Naughten defends Government approach to climate change

Move to low-carbon energy will take time, says Minister

Minister for Climate Action and the Environment Denis Naughten said the switch  from fossil fuels  could lead to local jobs and opportunities. Photograph: Gareth Chaney/Collins

Minister for Climate Action and the Environment Denis Naughten said the switch from fossil fuels could lead to local jobs and opportunities. Photograph: Gareth Chaney/Collins

 

An orderly move to a low-carbon society and the elimination of Ireland’s dependence on fossil fuels would take time, Minister for Climate Action and the Environment Denis Naughten has said.

Speaking at an Irish Congress of Trade Unions’ conference on the implications of climate change on the energy sector, Mr Naughten said the switch away from fossil fuels and use of energy in more efficient ways could lead to local jobs and opportunities for Irish companies.

He strongly defended Ireland’s climate change targets, and actions being taken by the Government to reduce greenhouse gas emissions that cause global warming.

At present, Ireland was importing 88 per cent of its energy needs in the form of “high emission fossil fuels”, which were costing €500,000 an hour, every day; “money we cannot afford to pay”. Using less energy in a cost-effective way was the best way to take effective action on climate change, he noted. Developing indigenous Irish energy sources and ways for smarter use would create jobs.

The Government was committed to achieving long-term targets to reduce emissions by 2050, but unlike those who called for radical actions now whatever the consequences, he accepted the need for a “just transition” to a low-carbon society especially for workers and communities.

Traditional perceptions

While science tells us we cannot wait indefinitely, all parties across society needed to be honest about the future and to change their traditional perceptions.

Prior to the last election, he accepted three peat-fired power stations in the midlands were not sustainable and there needed to be honest and frank conversation about their use. Some people argued they should be closed down immediately but he believed clean employment opportunities were required for the current skills mix.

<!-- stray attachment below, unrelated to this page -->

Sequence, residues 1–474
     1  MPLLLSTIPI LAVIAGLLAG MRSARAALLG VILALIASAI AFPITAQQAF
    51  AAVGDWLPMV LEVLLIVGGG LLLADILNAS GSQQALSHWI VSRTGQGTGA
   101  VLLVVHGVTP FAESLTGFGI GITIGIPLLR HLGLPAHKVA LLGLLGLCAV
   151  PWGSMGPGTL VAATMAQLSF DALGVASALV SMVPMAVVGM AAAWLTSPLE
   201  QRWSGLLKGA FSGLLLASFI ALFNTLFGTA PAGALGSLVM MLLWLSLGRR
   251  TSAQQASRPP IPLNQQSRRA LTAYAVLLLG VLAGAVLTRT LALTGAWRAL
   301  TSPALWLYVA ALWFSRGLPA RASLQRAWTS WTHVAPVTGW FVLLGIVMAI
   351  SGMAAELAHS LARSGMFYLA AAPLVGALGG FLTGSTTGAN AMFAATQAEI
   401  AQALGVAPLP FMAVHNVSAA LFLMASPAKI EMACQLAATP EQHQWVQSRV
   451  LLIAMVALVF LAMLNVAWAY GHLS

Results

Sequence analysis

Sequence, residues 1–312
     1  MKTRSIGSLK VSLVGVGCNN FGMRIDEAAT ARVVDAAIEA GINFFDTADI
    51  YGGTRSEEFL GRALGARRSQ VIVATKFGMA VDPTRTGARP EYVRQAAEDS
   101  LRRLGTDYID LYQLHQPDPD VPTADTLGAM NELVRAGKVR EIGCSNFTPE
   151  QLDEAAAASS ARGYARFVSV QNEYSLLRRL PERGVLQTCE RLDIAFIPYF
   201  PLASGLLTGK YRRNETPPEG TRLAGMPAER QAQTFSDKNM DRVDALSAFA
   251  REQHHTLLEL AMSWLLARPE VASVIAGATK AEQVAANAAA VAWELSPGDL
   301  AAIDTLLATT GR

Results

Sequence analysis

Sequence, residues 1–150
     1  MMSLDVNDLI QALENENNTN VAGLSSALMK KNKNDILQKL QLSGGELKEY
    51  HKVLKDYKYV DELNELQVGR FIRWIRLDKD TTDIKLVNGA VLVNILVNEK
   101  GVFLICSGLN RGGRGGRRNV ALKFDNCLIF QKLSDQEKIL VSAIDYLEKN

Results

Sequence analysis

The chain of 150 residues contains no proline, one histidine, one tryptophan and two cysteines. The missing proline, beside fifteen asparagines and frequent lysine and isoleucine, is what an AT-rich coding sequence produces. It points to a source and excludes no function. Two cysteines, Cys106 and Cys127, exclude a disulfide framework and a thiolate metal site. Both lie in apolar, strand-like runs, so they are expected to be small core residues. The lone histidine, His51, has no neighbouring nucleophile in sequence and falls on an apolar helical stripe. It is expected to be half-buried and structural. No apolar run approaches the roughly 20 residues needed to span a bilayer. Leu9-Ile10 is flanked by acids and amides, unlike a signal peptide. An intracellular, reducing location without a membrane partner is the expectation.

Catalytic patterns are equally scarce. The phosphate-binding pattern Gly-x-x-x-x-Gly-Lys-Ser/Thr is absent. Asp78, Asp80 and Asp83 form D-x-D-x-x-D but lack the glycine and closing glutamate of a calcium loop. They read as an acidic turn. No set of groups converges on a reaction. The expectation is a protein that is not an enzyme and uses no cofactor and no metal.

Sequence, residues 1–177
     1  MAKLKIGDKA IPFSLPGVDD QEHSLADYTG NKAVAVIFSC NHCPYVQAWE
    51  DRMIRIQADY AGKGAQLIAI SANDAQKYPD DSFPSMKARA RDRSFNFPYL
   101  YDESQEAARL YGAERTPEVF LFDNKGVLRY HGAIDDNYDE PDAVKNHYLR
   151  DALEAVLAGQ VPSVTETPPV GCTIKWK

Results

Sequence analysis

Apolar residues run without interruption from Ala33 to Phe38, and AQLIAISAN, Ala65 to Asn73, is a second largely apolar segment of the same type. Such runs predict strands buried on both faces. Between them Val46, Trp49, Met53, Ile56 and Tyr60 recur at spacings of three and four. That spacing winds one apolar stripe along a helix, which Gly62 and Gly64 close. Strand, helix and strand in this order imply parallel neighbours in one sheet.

He said he was conscious of what had happened to workers and their families with the announcement of the closure of Littleton peat briquette factory in Co Tipperary last week. Engagement and imagination were needed to come up with different solutions and outcomes.

Producing biomass was an opportunity for the midlands.A new semi-State entity, Bioenergy Ireland, would support a market there and in other parts of the country under a plan to be brought to Government shortly. He also believed Ireland was uniquely placed for the generation of biogas though the development of “green gas” supplies had some way to go.

By 2020, 40 per cent of Irish electricity would be generated by renewable energy sources (compared to 26 per cent today). At any one time up to 75 per cent would come from wind, as Mr Naughten predicted a resolution would be found to fall-off or drop of supply issues when using wind sources. New draft wind energy guidelines would be presented to the Government by Minister for Housing Simon Coveney and himself in the next few weeks that would require engagement with communities and ensuring a critical economic dividend.

Wave energy

While progress was being made in developing ocean wave energy protoypes in Ireland, no one technology would solve the emissions problem, he said.

Just as the semi-State sector was the key to the initial industrialisation of Ireland, its role in bringing about a just transition to a low carbon economy could be equally as dynamic, said Adrian Kane, chairman of ICTU’s energy and natural resources committee. “Unless we plan our way to a low-carbon future it will not happen.